• Take a little and often approach with nutrient applications – i.e. smaller doses of major nutrients such as nitrogen applied more regularly
  • Applying phosphite to help promote root growth can help
  • Foliar applications of nutrients which aren't particularly mobile, i.e. boron, is key.​
An oilseed rape rotation of one-in-five is a good starting point to reduce the likelihood of clubroot.

Rotation

Rotations should be based on longer term thoughts and not just focused on the immediate gross margin for that cropping year. An oilseed rape rotation of one-in-five is a good starting point to reduce the likelihood of oilseed rape developing clubroot. This includes all clubroot host crops such as field brassicas or mustard, as well as the weeds which can host the disease such as charlock and shepherd's purse. These weeds should be a priority for treatment in the true clubroot break crops such as potatoes, cereals and legumes.

Soil pH

You would typically want to lime your soil to a stable pH of 6.5 - 7 for a 'standard' rotation. However, soil pH plays an important role in the severity of clubroot. To combat its spread, you should aim to maintain a pH of 7+, ideally looking to be above a pH of 7.3. It's worth bearing in mind though that this will impact the availability of key nutrients in other crops such as wheat.

A way to mitigate the effects on the wider rotation is to spike the pH when drilling oilseed rape by using a granular lime product. The key time for this is when the soils are still warm enough for the pathogen to infect the crop. A good method to avoid high infestations is to wait until the soil has dropped in temperature, with infection reducing significantly when soils dip under 15oC.

Soil pH varies considerably across fields and SOYL's sampling services can show the zones where soil pH needs addressing. This is the most cost-effective way to identify areas that need optimised management.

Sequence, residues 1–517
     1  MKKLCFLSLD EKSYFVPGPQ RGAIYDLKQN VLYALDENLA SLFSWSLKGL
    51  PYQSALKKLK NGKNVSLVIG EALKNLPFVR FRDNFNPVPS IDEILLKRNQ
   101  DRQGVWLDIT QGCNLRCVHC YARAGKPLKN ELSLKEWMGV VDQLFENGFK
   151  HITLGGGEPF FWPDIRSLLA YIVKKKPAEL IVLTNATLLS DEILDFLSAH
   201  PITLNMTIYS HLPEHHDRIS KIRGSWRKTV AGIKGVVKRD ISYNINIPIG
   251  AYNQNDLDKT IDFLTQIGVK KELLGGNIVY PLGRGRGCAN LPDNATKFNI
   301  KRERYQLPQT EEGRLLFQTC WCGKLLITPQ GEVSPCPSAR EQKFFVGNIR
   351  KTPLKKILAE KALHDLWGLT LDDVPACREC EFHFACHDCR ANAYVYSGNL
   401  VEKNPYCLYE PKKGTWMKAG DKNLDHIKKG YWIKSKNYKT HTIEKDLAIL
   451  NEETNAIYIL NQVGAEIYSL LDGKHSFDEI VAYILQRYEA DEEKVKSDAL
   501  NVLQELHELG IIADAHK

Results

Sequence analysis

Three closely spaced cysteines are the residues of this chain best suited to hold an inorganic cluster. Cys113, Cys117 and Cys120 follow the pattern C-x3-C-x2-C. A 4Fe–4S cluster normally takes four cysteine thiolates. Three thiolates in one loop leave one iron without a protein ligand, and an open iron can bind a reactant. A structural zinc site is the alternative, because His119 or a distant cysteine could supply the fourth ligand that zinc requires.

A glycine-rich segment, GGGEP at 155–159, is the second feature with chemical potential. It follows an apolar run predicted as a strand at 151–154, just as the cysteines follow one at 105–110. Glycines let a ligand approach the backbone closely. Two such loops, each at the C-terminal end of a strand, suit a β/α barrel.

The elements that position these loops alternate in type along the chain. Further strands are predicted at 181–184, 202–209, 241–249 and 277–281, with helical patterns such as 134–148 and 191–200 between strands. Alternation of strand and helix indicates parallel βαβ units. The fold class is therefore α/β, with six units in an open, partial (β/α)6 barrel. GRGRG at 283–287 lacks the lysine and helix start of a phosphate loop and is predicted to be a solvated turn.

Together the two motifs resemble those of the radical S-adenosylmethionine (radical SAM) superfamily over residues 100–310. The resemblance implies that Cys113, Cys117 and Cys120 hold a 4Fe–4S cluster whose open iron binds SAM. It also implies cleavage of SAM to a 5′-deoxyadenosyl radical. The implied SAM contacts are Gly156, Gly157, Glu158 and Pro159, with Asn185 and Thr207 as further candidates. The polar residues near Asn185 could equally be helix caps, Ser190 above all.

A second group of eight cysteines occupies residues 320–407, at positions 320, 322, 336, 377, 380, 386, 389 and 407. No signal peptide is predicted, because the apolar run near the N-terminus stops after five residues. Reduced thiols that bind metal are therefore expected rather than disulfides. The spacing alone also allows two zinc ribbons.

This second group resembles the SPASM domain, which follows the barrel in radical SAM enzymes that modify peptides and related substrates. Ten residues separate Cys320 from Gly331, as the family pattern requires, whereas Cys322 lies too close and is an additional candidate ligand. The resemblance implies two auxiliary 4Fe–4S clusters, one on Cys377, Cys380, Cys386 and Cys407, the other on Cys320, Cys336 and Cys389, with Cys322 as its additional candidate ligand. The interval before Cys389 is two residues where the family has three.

Variety

The breeding of clubroot resistant varieties has come a long way and is an important consideration as part of the whole toolbox for managing clubroot. Resistant varieties carry a single gene resistance and, although this is important, it shouldn't be relied on as a silver bullet on its own. Bear in mind too that growing a resistant cultivar does not count as a clubroot break crop.

Resistant varieties such as Mendel and Cracker used to be at a yield penalty to the rest of the varieties in the Recommended List. However, there have been more recent additions and available for this autumn is a variety from DSV called Crocodile. Not only does it have clubroot resistance, it has also been through rigorous testing by AHDB for the Recommended List, which includes testing against the common strains of clubroot found in the UK. Crocodile is currently the highest yielding clubroot variety. You can find out more by downloading the new MyVarieties Seed catalogue.

Drilling date

Where you have patches of the disease or resistant varieties, delaying drilling will help to reduce disease pressure. This advantage is that soils will be cooler, as 15⁰C is a tipping point for clubroot infection. Warmer soils lead to increased pressure versus cooler soils, and September will typically see lower temperatures. The strain of early drilling increasing pressure on resistant varieties is likely to result in clubroot overcoming the seed genetics.

Although the disease lasts a long time and can have significant impacts on the development of oilseed rape crops, there are good options available to help you deal with the challenge. Once you get into the swing of how to record, monitor and restrict the disease from spreading, it should be more manageable on farm.

If you'd like more advice on how to control clubroot on your farm, please get in touch with your local Frontier contact. Alternatively, you can contact the team

Rob Nightingale 
Break Crop Production and Sustainability Specialist 


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Tuesday, 23 April 2024